His wife has also not completely bought in to the idea that her husband is yet a “new man”. She can sense the brewing volcano, and braces herself for an inevitable eruption. She edits her actions for fear of setting him off, limiting her outings and other activities that she knows will anger him.
In order for this couple to experience lasting change, more fundamental shifts will need to occur in their relationship. This would be a longer and more tumultuous process, precisely because it requires each person to look at their own contribution to the problem, and to make fundamental changes within themselves.
The husband will need to feel remorse for how he’s hurt his wife, acknowledging her pain and opening himself up to how he can bring his better self to the relationship. The wife would need to undergo soul-searching as well, in a process of noticing how her meekness and avoidance of difficult topics reinforces her husband’s anger. She would learn to be confident and assertive, and would learn to set healthy boundaries so she could retain her sense of worth, regardless of how her husband reacted.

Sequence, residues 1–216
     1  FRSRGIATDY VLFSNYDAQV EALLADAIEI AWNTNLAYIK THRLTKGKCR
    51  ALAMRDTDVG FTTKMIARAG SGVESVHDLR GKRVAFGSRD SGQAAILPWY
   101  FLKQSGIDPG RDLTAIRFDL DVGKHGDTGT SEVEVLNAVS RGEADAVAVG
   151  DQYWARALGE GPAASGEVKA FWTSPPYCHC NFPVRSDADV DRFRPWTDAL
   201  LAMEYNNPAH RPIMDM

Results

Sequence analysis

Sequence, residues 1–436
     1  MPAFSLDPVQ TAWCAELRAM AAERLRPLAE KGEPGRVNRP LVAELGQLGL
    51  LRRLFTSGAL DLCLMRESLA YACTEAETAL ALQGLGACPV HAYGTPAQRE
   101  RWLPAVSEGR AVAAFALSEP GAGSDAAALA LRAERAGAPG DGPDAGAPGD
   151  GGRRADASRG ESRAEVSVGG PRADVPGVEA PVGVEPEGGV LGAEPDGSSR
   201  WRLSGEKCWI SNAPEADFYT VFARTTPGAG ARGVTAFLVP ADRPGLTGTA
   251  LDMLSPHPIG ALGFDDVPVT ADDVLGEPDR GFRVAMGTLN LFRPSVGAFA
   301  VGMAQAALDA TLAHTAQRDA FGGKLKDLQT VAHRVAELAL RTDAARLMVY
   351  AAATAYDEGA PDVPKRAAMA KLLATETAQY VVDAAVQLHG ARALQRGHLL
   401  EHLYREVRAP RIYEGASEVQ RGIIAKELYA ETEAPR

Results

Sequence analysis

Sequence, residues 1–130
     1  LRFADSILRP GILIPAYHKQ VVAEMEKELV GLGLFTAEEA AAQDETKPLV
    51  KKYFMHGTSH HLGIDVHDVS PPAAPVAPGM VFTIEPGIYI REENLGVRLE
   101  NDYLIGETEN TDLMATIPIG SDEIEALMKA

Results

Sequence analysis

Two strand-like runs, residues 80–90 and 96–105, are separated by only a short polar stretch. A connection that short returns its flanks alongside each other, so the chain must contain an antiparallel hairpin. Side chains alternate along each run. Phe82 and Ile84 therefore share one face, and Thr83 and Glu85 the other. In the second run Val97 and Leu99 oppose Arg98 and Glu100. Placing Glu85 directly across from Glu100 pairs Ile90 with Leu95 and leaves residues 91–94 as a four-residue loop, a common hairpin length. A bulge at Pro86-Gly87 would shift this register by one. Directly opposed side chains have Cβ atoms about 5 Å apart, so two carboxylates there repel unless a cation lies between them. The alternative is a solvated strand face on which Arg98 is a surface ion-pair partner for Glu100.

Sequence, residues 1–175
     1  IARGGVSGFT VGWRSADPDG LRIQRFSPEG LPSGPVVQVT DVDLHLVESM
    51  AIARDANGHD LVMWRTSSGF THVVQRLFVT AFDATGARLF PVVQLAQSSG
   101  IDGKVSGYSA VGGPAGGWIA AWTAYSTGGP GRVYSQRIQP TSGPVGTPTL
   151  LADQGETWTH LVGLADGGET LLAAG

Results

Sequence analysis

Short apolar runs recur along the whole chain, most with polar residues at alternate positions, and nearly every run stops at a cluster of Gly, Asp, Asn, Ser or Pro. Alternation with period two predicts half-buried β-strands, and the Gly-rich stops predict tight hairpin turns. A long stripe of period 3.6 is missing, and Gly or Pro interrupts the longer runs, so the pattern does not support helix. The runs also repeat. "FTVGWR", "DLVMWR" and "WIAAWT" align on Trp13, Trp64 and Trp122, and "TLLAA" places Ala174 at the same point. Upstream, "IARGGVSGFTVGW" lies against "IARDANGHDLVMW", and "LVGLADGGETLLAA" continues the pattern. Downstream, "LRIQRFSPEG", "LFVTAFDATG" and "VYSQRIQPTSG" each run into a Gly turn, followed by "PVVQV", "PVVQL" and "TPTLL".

If this sounds complex, it is because it is. Real and lasting change in areas that matter most are not easy because they involve us confronting our weaknesses, and drawing our confidence to step into our better selves.
What this means for you
If you have had an “on-again-off-again” relationship with any of your New Year’s Goals, perhaps you have been approaching them with a First-Order Change mentality. You have been trying to change the behavior, without examining the underlying feelings, motivations, or meanings that influence that behavior.
You are not deficient or a hopeless case. You probably just need additional support (preferably from a trained coach or counselor) to help you navigate your way to more sustainable, fundamental change.
A new you is not only possible with the right tools; it will help you achieve more connected relationships, and a more fulfilled life.